• It seems that nested function calls though are not a problem (this would render it hopeless!).
  • This must be discussed on the Maxima mailing list (but I (OK) fear nothing will happen).
    1. Take as example "every_s" from ComputerAlgebra/DataStructures/Lisp/Lists.mac (how to write it properly).
    2. If the function-parameter would be called "npred", then "okltest_some_ndiag_scom_p" in ComputerAlgebra/CombinatorialMatrices/Lisp/tests/Basics.mac runs into an infinite loop.
  • One thing is to reserve names for the library:
    1. Everything that starts with "_".
    2. Then we have "f"; likely we should rename it everywhere to "_f".
    3. Or perhaps "f" is an exception.
    4. Within the library, parameters naming functions must always be somewhat longer and specific (except of "f"); and they start with "_".
Problems with errcatch
  • We get an error message
    Improper name or value in functional position:
    which shouldn't be the case.
  • Contact the Maxima mailing list.
What is "equalp" ?
  • It seems impossible to evaluate "equalp(0,0)" sensibly??
  • is(equalp(0,0)) returns "unknown" ?
  • So then the only sensible check for being zero is
    ?? (yielding true,false, or unknown)
Maxima/CLisp bug for larger data-sets
  • On csltok (laptop of OK) running
    oklib_store : true;
    all_unsinghitting_mvd(8, 'all_n8);
    produced a segmentation fault after running a bit more than 214 hours (nearly 9 full days).
  • Apparently this just happened when writing the session file.
  • A core-file has been produced --- how to analyse this?
  • When by mistake printing out the repository to the screen, I got "string too long: desired length 6553600 exceeds the supported maximum length".
  • So perhaps Maxima, when writing the file, just puts everything into a big string, and then the error occurred when this string was too long?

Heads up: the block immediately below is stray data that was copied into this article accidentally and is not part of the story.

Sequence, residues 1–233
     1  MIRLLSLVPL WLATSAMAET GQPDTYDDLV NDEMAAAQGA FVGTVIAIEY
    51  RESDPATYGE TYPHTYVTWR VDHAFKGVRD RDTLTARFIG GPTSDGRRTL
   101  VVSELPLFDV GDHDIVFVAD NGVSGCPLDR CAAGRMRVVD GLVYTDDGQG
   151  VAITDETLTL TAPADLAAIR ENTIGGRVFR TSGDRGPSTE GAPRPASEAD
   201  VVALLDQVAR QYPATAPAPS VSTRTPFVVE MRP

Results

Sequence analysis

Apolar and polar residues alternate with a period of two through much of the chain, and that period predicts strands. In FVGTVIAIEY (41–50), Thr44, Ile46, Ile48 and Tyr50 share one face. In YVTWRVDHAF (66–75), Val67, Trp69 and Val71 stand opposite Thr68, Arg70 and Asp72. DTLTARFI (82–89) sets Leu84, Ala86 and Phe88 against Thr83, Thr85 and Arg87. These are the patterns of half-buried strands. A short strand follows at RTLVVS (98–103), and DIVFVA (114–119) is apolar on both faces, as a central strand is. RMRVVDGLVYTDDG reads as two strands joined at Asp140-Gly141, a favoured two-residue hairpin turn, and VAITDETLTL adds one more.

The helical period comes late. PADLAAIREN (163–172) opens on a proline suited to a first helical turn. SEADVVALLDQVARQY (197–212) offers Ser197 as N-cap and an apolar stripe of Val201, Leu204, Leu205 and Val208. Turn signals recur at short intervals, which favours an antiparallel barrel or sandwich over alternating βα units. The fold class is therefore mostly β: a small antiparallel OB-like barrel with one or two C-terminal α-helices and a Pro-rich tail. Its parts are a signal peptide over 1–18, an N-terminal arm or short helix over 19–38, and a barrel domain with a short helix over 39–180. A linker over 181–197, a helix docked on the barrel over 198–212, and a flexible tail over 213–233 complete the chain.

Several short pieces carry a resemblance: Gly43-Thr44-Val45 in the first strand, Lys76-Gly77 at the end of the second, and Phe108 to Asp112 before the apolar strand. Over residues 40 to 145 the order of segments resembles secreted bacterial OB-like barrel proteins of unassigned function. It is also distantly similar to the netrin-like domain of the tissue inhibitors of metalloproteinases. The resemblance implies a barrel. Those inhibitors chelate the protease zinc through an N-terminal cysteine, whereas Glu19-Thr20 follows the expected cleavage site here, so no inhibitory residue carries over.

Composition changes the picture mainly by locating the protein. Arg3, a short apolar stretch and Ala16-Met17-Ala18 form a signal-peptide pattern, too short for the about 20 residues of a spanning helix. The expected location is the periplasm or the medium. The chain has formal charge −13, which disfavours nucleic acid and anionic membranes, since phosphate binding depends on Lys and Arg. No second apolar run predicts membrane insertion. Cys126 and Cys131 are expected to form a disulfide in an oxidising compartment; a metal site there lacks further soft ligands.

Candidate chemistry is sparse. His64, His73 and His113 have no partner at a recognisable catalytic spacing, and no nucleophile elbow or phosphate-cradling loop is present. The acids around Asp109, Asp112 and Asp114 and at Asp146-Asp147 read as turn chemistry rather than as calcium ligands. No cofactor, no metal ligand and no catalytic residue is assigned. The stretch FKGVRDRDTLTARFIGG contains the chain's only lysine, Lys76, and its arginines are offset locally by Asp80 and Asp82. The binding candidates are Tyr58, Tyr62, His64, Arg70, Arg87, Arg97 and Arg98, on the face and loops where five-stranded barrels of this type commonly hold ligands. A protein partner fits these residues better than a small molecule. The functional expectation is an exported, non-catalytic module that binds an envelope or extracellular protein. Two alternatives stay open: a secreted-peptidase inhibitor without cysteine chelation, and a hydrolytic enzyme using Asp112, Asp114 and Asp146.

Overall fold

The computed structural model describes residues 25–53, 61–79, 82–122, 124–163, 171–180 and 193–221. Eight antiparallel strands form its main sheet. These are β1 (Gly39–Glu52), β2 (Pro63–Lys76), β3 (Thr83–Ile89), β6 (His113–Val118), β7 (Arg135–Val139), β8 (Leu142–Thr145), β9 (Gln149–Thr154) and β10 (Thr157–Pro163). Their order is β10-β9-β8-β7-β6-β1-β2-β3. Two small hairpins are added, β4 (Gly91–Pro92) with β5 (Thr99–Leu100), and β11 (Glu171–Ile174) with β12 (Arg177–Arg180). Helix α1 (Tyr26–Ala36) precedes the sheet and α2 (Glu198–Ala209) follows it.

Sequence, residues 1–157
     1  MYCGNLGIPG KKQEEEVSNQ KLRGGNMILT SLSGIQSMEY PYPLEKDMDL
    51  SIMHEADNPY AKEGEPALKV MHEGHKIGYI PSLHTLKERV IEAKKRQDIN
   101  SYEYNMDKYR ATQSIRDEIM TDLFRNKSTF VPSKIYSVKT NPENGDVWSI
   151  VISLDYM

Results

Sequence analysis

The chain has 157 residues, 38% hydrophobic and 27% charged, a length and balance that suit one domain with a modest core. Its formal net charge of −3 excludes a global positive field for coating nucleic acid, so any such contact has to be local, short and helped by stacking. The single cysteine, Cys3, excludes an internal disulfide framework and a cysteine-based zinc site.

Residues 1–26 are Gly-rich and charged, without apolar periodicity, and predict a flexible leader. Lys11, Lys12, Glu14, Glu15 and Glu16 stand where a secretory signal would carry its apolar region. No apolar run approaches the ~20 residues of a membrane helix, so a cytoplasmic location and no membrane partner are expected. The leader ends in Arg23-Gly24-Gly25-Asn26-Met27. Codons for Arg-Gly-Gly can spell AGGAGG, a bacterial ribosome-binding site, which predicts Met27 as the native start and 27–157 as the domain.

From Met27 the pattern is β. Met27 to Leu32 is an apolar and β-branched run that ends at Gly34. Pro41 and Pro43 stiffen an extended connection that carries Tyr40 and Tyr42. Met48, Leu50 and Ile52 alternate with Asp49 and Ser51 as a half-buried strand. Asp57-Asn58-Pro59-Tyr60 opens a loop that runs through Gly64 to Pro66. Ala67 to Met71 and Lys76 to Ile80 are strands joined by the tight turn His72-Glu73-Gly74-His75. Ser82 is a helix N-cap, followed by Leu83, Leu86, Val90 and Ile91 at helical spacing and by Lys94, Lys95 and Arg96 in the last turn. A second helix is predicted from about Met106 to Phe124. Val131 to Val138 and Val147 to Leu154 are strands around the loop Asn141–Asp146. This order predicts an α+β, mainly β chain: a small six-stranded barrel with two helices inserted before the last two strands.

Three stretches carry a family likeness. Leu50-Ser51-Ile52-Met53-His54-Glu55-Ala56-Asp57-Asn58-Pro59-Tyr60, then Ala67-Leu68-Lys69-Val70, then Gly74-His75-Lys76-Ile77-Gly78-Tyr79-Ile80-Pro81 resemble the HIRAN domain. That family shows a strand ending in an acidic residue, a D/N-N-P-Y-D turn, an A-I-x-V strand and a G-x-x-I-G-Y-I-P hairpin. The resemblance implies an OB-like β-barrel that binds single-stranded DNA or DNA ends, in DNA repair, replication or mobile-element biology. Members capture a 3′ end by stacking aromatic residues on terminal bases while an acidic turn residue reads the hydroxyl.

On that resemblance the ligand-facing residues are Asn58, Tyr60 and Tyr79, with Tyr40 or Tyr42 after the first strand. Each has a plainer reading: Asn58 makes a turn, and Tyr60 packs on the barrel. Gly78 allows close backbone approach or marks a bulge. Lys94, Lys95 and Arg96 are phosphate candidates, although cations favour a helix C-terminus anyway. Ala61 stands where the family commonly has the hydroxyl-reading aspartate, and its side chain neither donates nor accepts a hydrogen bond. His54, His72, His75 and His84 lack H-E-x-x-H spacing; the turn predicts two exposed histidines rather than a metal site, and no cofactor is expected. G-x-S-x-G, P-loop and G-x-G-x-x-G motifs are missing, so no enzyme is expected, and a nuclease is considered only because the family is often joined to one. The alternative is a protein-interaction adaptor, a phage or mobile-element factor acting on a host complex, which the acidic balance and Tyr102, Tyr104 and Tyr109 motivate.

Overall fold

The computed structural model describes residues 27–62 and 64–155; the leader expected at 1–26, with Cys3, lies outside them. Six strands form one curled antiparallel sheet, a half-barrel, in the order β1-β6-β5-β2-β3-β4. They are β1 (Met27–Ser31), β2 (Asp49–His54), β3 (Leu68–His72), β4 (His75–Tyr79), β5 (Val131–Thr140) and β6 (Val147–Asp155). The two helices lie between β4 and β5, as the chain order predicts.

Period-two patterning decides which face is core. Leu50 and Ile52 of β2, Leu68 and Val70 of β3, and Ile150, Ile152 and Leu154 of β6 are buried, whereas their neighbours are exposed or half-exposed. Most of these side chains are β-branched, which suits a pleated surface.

1. We had one slightly bigger file in the past; however this contained the annotation-strings.
    2. So perhaps each value is transformed into a string, and now a single value (the hash-map), was too big?
    3. Repeating the experiment with seed 10 produced after nearly the same running time again a segmentation fault, so the string-problem should be the cause.
    4. With seed 11, at nearly the same file size the segmentation fault happened, but this time the file was apparently correctly written, and the fault happened a bit after writing the file?
    5. On cs-wsok, a 64-bit machine, these errors don't happen.
  • Tell the Maxima mailing-list about that and ask for a different "save", call it "fsave" (fast save):
    1. No list-annotations.
    2. No unnecessary spaces.
    3. Values are broken into small strings, if necessary.
General design: Lists *here* are more fundamental than sets
  • It seems that instead of clause-sets we should use clause-lists as the fundamental objects.
  • In the mathematical cosmos there is no creation and destruction, thus no order, however in the computational cosmos there is before and after, construction and destruction.
  • In this way we obtain control over enumeration aspects.